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Migraines can be debilitating. Unfortunately, they are common.
- 36 million adults in America each year.
13% of Adults
10% of Children
25% of US Households
Migraine is one of the most disabling conditions, and financially burdensome
91% miss work or can’t function during an attack
113 million workdays are lost each year
$13 billion annual impact on employers
For some, the aura or accompanying symptoms of the migraine can be worse than the pain due to frequency or severity. Auras may be intrusive and can mimic stroke symptoms. They can involve visual obscurations, vertigo, weakness, changes in sensation, difficulty with speech or language, among others.
Associated symptoms can be just as bothersome. These include: light and sound sensitivity, sensitivity to smells, nausea and vomiting, abdominal pain, motion sickness and lightheadedness. Patients with migraines often lead lives avoiding triggers, that is, being creatures of habit (Learn more about migraine triggers). For some, this is enough. For others, other therapy is necessary.
HeadAid is targeted at the migraine pain and associated symptoms. It also targets certain limitations that exist for the treatment of migraine, as follows:
Safety: Several common migraine medications are contraindicated in patients with comorbid diseases (i.e. vascular disease).
HeadAid was created to minimize contraindications, interactions with medications, and side effects.
Efficacy: Many products only work when they are given very early. Further, many have side effects that limit their use. Our products can be used alone or to boost the efficacy of over-the-counter and prescription migraine medicine with minimal side effects.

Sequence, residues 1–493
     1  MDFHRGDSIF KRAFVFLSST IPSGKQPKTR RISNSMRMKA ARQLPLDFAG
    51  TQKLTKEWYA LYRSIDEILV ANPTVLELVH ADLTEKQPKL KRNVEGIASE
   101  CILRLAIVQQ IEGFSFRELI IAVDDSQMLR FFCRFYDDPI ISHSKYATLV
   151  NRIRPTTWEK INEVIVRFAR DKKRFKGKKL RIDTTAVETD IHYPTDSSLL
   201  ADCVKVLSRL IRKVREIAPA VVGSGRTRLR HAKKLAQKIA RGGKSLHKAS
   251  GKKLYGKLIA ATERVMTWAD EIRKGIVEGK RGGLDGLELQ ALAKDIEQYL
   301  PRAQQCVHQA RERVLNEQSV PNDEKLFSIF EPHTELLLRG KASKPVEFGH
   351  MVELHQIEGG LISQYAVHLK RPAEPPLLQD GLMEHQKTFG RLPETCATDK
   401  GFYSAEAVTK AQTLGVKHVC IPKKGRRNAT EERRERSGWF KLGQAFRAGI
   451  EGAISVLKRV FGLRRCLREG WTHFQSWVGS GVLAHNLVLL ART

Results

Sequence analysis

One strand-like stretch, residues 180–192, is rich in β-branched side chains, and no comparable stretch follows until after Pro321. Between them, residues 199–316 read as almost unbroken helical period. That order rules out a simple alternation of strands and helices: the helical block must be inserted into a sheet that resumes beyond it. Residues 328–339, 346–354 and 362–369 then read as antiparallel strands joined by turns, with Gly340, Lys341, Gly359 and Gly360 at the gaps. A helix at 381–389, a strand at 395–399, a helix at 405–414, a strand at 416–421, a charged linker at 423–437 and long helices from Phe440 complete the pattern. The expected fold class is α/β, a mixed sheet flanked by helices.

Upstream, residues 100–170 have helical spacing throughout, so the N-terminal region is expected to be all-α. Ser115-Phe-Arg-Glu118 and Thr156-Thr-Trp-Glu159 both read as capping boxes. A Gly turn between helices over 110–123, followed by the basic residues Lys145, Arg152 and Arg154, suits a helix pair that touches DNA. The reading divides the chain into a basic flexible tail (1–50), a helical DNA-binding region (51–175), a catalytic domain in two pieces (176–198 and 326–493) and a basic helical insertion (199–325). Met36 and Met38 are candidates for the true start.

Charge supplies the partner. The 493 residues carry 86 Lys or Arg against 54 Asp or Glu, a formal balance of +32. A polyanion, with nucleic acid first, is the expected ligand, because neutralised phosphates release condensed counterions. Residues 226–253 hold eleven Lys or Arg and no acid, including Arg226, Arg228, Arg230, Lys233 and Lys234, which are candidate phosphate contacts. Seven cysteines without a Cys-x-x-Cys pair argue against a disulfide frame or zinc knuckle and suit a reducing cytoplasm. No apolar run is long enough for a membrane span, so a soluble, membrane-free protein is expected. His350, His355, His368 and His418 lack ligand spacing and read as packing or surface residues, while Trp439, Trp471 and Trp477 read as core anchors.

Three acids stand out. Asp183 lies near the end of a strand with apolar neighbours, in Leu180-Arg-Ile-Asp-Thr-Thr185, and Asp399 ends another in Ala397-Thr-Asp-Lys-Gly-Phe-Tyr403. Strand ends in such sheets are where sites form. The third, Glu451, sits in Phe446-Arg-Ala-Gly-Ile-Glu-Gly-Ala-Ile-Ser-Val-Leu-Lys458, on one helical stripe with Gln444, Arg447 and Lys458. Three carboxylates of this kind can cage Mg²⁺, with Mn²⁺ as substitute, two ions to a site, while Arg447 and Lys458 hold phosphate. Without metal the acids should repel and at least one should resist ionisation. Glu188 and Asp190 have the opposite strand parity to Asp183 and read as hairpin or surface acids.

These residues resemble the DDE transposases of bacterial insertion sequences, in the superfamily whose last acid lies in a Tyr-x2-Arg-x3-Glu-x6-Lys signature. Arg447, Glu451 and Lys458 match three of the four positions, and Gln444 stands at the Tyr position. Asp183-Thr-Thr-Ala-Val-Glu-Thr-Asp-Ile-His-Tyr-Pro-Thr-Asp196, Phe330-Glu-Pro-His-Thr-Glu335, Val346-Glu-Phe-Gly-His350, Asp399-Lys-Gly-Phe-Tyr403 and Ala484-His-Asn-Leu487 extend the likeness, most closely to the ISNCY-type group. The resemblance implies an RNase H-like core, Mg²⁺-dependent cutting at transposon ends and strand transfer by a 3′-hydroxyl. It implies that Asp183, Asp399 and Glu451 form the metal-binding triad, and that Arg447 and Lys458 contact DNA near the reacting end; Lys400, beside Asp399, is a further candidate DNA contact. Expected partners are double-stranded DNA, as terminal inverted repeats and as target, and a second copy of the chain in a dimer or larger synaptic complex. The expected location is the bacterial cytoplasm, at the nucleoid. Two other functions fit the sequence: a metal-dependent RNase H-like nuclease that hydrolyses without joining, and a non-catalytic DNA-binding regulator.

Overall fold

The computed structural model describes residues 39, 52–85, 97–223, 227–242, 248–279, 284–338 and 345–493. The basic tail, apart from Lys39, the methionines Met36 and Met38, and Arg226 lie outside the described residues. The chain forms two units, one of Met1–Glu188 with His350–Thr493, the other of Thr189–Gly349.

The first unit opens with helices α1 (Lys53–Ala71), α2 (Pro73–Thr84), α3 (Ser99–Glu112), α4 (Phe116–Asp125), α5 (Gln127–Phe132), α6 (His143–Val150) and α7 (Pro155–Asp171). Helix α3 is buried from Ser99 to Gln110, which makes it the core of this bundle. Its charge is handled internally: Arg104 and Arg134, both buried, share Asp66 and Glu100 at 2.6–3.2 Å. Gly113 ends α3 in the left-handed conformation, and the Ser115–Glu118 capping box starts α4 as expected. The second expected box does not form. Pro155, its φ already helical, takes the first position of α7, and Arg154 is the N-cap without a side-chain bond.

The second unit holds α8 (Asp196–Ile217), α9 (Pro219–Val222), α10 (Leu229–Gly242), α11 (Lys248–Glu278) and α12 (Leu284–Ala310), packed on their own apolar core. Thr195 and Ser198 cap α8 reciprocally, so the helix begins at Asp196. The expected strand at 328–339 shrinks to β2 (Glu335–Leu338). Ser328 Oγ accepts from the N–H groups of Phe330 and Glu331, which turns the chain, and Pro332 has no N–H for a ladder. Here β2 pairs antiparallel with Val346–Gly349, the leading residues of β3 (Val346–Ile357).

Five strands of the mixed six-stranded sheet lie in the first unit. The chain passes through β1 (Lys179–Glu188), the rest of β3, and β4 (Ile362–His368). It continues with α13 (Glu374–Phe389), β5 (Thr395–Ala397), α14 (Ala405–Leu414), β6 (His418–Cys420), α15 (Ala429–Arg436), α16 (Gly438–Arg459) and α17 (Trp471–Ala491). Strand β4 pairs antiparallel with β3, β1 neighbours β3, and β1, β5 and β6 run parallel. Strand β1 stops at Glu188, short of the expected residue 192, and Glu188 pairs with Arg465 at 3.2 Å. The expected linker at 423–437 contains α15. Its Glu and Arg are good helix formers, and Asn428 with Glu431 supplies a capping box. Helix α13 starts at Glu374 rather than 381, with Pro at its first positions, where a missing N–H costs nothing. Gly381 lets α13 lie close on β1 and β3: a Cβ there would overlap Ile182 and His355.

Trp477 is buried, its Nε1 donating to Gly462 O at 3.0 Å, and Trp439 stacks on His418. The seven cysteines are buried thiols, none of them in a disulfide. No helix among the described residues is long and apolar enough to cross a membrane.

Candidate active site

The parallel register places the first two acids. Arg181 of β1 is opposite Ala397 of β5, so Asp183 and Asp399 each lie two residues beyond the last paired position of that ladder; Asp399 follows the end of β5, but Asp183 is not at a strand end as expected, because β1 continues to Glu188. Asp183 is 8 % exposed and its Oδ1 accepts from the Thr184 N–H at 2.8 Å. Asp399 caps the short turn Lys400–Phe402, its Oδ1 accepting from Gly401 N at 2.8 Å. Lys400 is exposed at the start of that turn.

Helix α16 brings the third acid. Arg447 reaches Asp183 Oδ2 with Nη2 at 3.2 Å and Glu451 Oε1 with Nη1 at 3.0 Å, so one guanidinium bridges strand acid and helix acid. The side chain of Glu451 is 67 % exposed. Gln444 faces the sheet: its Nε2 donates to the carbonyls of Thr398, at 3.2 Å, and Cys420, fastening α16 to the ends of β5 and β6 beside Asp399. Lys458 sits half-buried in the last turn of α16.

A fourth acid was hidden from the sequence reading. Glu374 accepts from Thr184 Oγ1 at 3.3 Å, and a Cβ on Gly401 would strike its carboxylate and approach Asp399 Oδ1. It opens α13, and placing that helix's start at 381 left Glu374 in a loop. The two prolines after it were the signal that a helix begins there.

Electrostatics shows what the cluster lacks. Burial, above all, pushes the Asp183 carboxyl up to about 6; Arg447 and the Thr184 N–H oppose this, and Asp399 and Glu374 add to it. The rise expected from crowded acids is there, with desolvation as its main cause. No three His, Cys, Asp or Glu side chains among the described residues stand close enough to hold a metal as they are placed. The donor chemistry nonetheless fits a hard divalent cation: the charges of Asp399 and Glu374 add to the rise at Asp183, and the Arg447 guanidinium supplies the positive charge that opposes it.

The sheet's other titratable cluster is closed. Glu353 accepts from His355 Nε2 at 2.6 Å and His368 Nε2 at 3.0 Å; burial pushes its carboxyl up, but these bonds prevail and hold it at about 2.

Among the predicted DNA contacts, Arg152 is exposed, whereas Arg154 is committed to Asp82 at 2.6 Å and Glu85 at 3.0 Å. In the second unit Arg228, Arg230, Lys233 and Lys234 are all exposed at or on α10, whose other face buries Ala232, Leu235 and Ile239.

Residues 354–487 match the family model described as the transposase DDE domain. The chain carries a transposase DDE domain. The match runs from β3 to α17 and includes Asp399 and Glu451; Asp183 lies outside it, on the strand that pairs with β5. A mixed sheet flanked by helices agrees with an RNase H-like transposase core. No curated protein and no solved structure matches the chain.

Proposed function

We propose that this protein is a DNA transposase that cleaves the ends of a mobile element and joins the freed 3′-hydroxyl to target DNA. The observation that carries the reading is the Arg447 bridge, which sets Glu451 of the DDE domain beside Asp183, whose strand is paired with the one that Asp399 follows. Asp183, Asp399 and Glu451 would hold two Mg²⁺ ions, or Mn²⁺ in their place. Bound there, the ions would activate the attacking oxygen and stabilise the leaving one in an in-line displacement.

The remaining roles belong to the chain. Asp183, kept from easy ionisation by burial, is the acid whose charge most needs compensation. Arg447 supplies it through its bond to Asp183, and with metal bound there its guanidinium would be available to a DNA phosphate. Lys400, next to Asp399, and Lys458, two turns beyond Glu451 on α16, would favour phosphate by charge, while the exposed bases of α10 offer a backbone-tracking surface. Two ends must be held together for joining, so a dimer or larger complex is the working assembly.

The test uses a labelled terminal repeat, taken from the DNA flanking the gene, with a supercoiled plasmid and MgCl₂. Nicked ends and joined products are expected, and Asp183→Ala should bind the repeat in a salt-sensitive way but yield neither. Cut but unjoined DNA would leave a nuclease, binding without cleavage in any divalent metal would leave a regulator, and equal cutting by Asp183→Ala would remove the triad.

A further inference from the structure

Ease of Administration: Most patients use 1 or more pills to abort a headache, which can be problematic due to nausea. Our product is a dissolvable effervescent powder to maximize ease of administration.
History of Migraine
Migraine is perhaps one of the oldest recognized disorders of the nervous system. Its original name “hemicrania,” is derived from the Greek word hemikrania, meaning half (hemi) of the skull (kranion). Many migraineurs experience headache on half of their head. In ancient times, migraine was thought to be caused by evil spirits, and one treatment was to bore holes in the skull to “release” them. A bit less abstract, Hippocrates thought there were bad “humors” in the blood and bodily fluids. Vomiting was thought to release the humors, hence with migraineurs often felt better after this occurred. Some treatments involved provoking vomiting for this reason. Another means to release these humors was thorough bloodletting. This was particularly popular in the medieval period, but was used up to the early century. Blood flow, vasodilation on “congestion” became common theory throughout the years for migraine. Probable the best evidence for change in vasomotor activity (blood vessel constriction and dilation) was in the 1950s by Wolff and Graham, who noted dilation during a migraine attack and constriction with certain medications (ergotamines).
Decades later, the relationship between vasomotor activity and migraine remains debated, as many believe they are correlated, but that changes in vascular tone do not actually cause migraine, occurring rather due to the complex wiring during a migraine. Another popular theory has dealt with electrical and chemical changes in the brainstem’s pain center, radiating upwards into the brain. This theory is currently the most popular, and is backed by sophisticated studies, including those with functional imaging. Essentially, the migraine patient can be thought of as someone with a sensitive brain, overreacting to normal sensory stimuli (ie bright lights, loud sounds, motion, smells, etc.). This concept is fitting with the migraine life-cycle and the presence of migraine triggers. It is with this pathophysiologic concept of migraine in mind that HeadAid was created.